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My Galapagos Adventure – Day Two

June 13, 2014 Luxury Cruises Galapagos, Travel to Ecuador No Comments

A Mysterious Journey

Ocean Spray Catamaran

Ocean Spray Catamaran

  This is day two of the tales of my adventures in Galapagos.  Scroll down to see how this amazing trip began.  There are many itinerary options for the Ocean Spray catamaran and I’ve chosen the 15-day tour of both the Eastern and Western sides of Galapagos (you can go for as few as 4 days).  With me are 15 fellow travelers who have come for just six days. I’ll share a few thoughts with you before telling you about this wonderful day.

The National Park Service mandates that a guide may be responsible for no more than 16 guests at a time.  Thus, there is one guide on a cruise ship for 16 guests, 2 on a boat for 20 guests, 4 if there are 50 guests, 7 on a ship for 100 passengers. From the first, I wanted to be limited to a small prestige cruise line with personal attention.  On some of the larger cruises, your guide changes every excursion; you can never be sure who will be leading you or who will be with you on your hike.  You will have to wait for the panga to go back and forth from the boat to the island. Plus, you are often landing in a larger group as you take a hike or snorkel. I like the idea of getting to know my fellow passengers and the guide.  Also, the crew gets to know each one of us and our special needs.

Some people like a larger vessel; that’s another consideration for decision-making.  If you tend to get seasick, a catamaran is a great option.  With its two keels, it provides more stability than some of the other options. I’m told there’s more of a party-like atmosphere on a larger boat with lots more people . I can get that in the Caribbean; it’s not what I want in the Galapagos Islands though.

I also want to mention my personal impression of how long to stay in Galapagos.  Consider, it’s a long trip to get there.  For almost everyone, it’s a two-day journey from airport to airport. My first trip here was for one week to the eastern islands and I thought that would be more than enough.  I can’t speak for anyone but myself, but I wanted much more and that’s why I’ve come back again and again. The western and eastern sides are not the same and I wanted the total experience.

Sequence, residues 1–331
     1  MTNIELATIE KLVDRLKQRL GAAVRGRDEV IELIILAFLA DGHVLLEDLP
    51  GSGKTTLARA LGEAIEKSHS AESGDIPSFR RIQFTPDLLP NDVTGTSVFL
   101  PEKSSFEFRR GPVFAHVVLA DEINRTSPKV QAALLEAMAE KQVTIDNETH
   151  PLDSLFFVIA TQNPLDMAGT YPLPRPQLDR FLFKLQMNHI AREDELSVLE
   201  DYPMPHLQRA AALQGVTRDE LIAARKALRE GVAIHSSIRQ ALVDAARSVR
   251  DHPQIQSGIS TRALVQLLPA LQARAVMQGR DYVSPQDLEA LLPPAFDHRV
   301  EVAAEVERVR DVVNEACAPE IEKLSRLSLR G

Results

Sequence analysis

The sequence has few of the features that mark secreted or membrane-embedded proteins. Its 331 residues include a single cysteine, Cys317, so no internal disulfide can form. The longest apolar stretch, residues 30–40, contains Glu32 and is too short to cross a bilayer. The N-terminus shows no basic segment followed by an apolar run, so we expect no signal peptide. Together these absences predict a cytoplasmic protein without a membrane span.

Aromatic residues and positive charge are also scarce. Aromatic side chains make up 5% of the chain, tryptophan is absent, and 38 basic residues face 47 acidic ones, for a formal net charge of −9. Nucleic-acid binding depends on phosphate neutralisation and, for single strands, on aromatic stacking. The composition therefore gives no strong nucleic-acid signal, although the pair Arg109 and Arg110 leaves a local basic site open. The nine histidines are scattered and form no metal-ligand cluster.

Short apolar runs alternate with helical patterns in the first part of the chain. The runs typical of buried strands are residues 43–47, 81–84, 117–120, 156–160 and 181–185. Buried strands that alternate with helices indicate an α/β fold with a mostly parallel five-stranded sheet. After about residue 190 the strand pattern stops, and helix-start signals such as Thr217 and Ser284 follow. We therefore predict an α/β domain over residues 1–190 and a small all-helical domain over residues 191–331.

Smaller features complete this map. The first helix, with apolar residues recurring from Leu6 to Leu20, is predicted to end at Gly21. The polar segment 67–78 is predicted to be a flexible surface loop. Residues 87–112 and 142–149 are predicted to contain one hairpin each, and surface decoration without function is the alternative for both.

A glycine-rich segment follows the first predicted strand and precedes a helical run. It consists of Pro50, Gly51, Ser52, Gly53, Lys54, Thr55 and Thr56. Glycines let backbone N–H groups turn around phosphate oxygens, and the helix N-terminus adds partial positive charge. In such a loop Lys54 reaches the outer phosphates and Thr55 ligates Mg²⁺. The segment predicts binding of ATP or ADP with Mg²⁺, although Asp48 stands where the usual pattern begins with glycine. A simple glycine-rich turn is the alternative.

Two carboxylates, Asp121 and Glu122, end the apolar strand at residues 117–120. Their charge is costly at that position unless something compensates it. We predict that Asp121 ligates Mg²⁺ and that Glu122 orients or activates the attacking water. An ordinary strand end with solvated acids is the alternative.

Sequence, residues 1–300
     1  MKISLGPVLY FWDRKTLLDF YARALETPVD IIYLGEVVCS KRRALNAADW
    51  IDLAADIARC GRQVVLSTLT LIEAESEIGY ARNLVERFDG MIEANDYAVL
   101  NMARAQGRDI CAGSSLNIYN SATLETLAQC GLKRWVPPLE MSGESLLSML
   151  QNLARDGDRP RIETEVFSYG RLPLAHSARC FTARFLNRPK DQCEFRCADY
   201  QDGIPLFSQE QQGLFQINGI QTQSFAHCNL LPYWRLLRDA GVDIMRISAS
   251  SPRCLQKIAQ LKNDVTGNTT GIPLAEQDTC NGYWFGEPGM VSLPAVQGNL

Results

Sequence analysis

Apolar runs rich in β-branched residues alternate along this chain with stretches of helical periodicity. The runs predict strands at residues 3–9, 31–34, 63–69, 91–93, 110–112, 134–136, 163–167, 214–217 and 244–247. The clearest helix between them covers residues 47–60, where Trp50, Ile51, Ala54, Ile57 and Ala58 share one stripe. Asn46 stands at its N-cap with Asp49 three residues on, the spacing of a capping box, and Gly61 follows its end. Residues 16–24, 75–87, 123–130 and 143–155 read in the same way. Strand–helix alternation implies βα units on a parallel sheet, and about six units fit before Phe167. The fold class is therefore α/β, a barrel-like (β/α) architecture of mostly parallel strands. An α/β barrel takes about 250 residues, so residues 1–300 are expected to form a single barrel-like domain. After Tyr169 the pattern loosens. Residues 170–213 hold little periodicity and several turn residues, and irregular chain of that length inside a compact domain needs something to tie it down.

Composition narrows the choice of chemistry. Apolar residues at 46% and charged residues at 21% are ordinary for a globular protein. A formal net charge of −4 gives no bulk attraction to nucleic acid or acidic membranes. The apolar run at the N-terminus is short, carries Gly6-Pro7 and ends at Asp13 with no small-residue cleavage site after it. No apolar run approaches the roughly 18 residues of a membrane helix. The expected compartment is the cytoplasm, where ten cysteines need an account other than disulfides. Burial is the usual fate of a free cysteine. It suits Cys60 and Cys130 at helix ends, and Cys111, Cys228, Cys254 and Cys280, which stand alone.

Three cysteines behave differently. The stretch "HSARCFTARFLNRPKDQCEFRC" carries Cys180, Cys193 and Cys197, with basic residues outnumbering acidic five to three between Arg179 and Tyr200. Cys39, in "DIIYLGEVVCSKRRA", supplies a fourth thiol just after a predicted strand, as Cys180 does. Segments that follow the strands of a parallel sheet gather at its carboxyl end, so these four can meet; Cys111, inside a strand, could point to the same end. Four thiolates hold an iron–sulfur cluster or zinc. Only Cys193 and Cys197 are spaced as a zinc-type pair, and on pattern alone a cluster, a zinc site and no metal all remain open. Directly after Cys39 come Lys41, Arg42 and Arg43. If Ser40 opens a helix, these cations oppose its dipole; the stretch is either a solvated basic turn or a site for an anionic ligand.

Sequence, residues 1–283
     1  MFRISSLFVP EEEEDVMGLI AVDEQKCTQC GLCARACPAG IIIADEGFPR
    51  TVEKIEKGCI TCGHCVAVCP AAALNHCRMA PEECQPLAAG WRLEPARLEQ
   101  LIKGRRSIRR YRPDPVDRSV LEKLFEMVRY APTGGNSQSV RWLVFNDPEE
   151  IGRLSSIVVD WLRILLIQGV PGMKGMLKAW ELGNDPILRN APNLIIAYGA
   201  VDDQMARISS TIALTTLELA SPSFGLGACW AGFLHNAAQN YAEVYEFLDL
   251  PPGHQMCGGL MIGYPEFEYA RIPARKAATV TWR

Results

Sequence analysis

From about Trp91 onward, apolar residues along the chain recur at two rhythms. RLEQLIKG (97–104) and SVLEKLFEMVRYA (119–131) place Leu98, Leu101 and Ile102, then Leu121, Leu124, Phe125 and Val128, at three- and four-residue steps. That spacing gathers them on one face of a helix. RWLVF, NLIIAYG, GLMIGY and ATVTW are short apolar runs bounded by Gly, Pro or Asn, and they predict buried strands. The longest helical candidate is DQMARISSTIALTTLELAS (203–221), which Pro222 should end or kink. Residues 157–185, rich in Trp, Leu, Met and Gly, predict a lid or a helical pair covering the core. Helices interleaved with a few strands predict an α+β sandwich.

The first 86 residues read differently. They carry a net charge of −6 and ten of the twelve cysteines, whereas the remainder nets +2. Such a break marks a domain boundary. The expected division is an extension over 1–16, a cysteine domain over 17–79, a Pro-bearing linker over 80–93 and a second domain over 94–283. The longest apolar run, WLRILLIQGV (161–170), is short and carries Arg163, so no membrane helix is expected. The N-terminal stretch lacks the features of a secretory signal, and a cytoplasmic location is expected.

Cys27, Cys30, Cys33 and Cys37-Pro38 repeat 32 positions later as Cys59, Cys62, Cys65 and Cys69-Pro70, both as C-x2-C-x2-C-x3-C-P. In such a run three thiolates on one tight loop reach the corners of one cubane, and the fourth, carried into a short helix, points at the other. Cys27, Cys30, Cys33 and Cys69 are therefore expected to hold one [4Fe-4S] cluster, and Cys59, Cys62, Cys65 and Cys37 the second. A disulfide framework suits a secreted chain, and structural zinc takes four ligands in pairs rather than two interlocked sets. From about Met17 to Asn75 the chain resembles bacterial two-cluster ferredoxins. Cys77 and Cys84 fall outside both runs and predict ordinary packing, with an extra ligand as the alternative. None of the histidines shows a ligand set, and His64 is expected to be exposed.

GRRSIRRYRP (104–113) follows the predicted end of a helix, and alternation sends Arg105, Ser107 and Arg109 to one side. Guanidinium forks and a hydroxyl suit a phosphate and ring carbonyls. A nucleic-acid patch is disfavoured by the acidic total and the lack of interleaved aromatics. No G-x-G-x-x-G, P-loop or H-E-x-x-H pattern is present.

Sunrise Vicente Roca

Sunrise Vicente Roca

I never get tired of the “routine.”  I like snorkeling every day.  I love hiking.  The briefings and nature discussions mesmerize me and I learn more every time I go. I like the movement of the boat and never feel the need to get my feet back on the land. I am not an outdoorsy person by nature, but the Galapagos Islands just touch me in a unique and marvelous way.  It’s not that I don’t miss my husband and family, it’s just that I get completely absorbed by this place. (I mean, look at this photo of the sunrise – I smile just remembering looking out my balcony to see that glorious glow.)

So, when you are making your decision how long to stay take a look at yourself.  Ask, “How long can I be with the same 16 strangers?” “How many sea lions can I see before I don’t want to see another one?” “Can I tolerate being away from my phone and internet for days at a time?”

Everyone who has ever been to the Galapagos Islands is thrilled that they have been there.  Still, these are relevant questions for everyone and I can tell you from experience that there ARE those people who love the experience but have enough in four days and don’t want to see another iguana.  That’s just not me.  When you speak to the cruise line and are making your reservation, tell the person about yourself and your needs and expectations.  Let them help you make the decision that is right for you.

 

Isabela Vicente Roca Point IMG_1397

Now – back to the trip.  This day starts at Isle Isabela, in the west and the second youngest and largest island in the archipelago.  The western islands of Isabela and Fernandina are remote and overnight we travel for 10 hours from the old eroded island of Santiago to Punta Vicente Roca, the topmost point of Isabela.

We are anchored at the western-most point of our journey, settled between Isabela and Fernandina islands. Though the day starts out in a haze, the rays of sunlight breaking through over Volcan Darwin are dazzling and mysterious.

 

 

 

 

 

Just as surprising and evocative as you awake is the sheer 1707 meter cliff side of Vicente Roca, the base actually of Vulcan Ecuador.

Cave Entrance with Lobster Boat Vicente Roca

Cave Entrance with Lobster Boat Vicente Roca

From my balcony, I see an inviting cave just off of the ship’s port side, and a little native fishing trawler anchored nearby. My inclination is to grab a cup of coffee, make my way to the upper deck and start shooting photos, which is exactly what I do.